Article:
Thou shalt be pleased with the sacrifices of righteousness. (Psal. li. 7. 19.) Let my prayer come before thee as incense, and the lifting up of my hands as the evening sacrifice. (Psal. cxli. 2.) Therefore will I offer the sacrifice of joy. (Psal. cxvi. 17.) The sin of Judah, says Jeremiah, is -- --graven upon the horns of your altars. (Jer. xvii. 1.)-Take away all our iniquity and receive us graciously; so will we render thee the calves of our lips. (Hos. xiv. 2.) Nor are similar examples wanting in the New Testament, whose inspired authors being educated in the Jewish religion, retain the same phraseology, which has enriched their writings with numerous beautiful and expressive allusions to the national sacrifices and ceremonies.
Michaelis classes the offerings prescribed to the Israelites under three general heads-namely, bloody offerings, or sacrifices strictly so called; unbloody offerings, or those taken only from the vegetable kingdom; and drink-offerings, or libations, which were a kind of accompaniment to the two preceding. We shall follow this classifi
cation, as enabling us to present to our readers the most compendious account of the Jewish sacrifices.
I. BLOODY OFFERINGS were sacrifices properly and strictly so called; by which we may understand the infliction of death on a living creature, generally by the effusion of its blood in a way of religious worship, and the presenting of this act to God as a supplication for the pardon of sin, and as a supposed mean of compensation for the insult and injury offered by sin to his majesty and government. Sacrifices have in all ages, and by almost every nation, been regarded as necessary to placate the divine anger, and to render the Deity propitious but whether this universal notion derived its origin from divine revelation, or was suggested by conscious guilt and a dread of the divine displeasure, is a question that cannot be easily decided. It is however not improbable that it originated in the former, and prevailed under the influence of the latter. The Scripture account of sacrifices leads us to conclude that they were instituted by divine appointment, immediately after the entrance of sin by the fall of Adam and Eve, to be a type or significant emblem of the great atonement or all-sufficient sacrifice of Christ. Accordingly we find Abel, Noah, Abraham, Job, and others, offering sacrifices in the faith of the Messiah that was to be revealed; and the divine acceptance of their sacrifices is particularly recorded.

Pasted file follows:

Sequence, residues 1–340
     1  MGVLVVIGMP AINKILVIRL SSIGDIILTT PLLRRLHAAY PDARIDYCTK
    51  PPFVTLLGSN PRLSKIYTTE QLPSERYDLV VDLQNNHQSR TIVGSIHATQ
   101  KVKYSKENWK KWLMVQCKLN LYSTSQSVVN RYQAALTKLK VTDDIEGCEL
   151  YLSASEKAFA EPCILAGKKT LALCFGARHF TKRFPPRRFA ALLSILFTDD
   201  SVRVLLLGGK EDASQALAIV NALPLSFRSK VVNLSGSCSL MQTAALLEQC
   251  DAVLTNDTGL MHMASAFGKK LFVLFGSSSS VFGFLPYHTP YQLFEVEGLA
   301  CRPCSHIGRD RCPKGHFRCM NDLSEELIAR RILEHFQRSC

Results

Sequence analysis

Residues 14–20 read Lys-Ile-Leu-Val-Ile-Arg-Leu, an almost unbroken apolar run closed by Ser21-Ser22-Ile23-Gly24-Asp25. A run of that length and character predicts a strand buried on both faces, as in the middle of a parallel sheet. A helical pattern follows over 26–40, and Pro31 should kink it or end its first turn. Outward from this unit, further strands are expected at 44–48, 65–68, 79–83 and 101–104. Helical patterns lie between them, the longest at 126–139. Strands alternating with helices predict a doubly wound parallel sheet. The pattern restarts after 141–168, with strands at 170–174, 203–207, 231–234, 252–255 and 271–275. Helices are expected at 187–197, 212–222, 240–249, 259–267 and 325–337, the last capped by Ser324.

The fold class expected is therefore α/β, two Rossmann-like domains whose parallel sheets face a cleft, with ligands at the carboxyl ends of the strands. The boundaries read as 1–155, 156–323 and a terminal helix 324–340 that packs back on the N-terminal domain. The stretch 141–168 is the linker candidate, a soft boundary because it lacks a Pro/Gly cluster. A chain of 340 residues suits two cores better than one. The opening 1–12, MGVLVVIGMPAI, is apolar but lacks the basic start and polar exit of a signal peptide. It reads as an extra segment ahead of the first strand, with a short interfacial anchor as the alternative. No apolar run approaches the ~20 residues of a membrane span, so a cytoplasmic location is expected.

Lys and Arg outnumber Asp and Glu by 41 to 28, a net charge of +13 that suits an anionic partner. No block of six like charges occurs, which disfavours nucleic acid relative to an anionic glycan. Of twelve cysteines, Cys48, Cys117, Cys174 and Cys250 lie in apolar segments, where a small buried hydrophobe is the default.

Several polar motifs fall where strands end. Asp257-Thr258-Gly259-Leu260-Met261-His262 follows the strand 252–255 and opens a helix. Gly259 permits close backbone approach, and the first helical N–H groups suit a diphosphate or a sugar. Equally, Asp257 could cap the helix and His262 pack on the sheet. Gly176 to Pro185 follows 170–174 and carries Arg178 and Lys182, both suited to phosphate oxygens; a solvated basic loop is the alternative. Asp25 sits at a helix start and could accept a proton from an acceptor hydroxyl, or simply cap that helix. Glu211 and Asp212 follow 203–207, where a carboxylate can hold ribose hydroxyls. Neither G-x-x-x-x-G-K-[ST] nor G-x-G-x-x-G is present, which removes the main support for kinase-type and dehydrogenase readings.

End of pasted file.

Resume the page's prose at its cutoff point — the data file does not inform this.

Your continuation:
1. In all bloody sacrifices it was essential that the animals slaughtered should be clean; but it does not appear that all clean animals were to be offered indiscriminately. Fishes were not brought to the altar; and hence the Israelites are no where prohibited from eating their blood, but only that of birds and quadrupeds. (Lev. vii. 26.) It would seem that all clean birds might be offered, (Lev. xiv. 4-7.) though the dove was the most common offering of this class. Of quadrupeds, oxen, sheep, and goats were the only kinds which were destined for the altar. No wild beasts were admissible: and hence comes the expression in the law of Moses (Deut. xii. 15. 22. xv. 22.), It shall be eaten like the roe or the hart; by which he means to intimate that, in killing a beast, all religious intention and all idea of sacrifice was to be avoided.3
2. In the selection of the victims, the utmost care was taken to choose such only as were free from every blemish. Unless it were pure and immaculate, it was to be rejected, as a sacrifice unacceptable to Jehovah. (Levit. xxii. 22.) In a beautiful allusion to this